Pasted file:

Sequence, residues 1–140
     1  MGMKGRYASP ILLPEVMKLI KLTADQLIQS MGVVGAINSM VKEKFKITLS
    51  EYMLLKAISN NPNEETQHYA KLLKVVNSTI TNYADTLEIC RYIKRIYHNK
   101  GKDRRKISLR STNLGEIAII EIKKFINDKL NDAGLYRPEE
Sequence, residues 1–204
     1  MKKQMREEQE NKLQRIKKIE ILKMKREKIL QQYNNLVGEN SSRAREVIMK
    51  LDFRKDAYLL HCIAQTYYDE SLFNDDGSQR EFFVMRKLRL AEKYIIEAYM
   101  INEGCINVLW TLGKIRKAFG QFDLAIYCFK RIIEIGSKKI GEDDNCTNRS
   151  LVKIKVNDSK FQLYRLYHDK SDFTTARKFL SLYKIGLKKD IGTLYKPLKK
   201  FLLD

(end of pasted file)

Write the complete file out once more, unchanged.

Sequence, residues 1–140
     1  MGMKGRYASP ILLPEVMKLI KLTADQLIQS MGVVGAINSM VKEKFKITLS
    51  EYMLLKAISN NPNEETQHYA KLLKVVNSTI TNYADTLEIC RYIKRIYHNK
   101  GKDRRKISLR STNLGEIAII EIKKFINDKL NDAGLYRPEE
Sequence, residues 1–204
     1  MKKQMREEQE NKLQRIKKIE ILKMKREKIL QQYNNLVGEN SSRAREVIMK
    51  LDFRKDAYLL HCIAQTYYDE SLFNDDGSQR EFFVMRKLRL AEKYIIEAYM
   101  INEGCINVLW TLGKIRKAFG QFDLAIYCFK RIIEIGSKKI GEDDNCTNRS
   151  LVKIKVNDSK FQLYRLYHDK SDFTTARKFL SLYKIGLKKD IGTLYKPLKK
   201  FLLD